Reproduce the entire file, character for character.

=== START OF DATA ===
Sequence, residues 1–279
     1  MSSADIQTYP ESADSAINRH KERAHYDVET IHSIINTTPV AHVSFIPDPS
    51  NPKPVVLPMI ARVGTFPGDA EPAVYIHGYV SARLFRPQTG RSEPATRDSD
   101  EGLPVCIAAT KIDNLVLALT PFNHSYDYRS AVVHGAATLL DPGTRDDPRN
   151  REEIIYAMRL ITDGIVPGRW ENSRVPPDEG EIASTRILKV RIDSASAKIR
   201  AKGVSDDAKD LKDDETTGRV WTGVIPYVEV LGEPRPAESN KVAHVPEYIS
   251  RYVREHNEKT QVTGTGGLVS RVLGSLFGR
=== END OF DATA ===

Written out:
Sequence, residues 1–279
     1  MSSADIQTYP ESADSAINRH KERAHYDVET IHSIINTTPV AHVSFIPDPS
    51  NPKPVVLPMI ARVGTFPGDA EPAVYIHGYV SARLFRPQTG RSEPATRDSD
   101  EGLPVCIAAT KIDNLVLALT PFNHSYDYRS AVVHGAATLL DPGTRDDPRN
   151  REEIIYAMRL ITDGIVPGRW ENSRVPPDEG EIASTRILKV RIDSASAKIR
   201  AKGVSDDAKD LKDDETTGRV WTGVIPYVEV LGEPRPAESN KVAHVPEYIS
   251  RYVREHNEKT QVTGTGGLVS RVLGSLFGR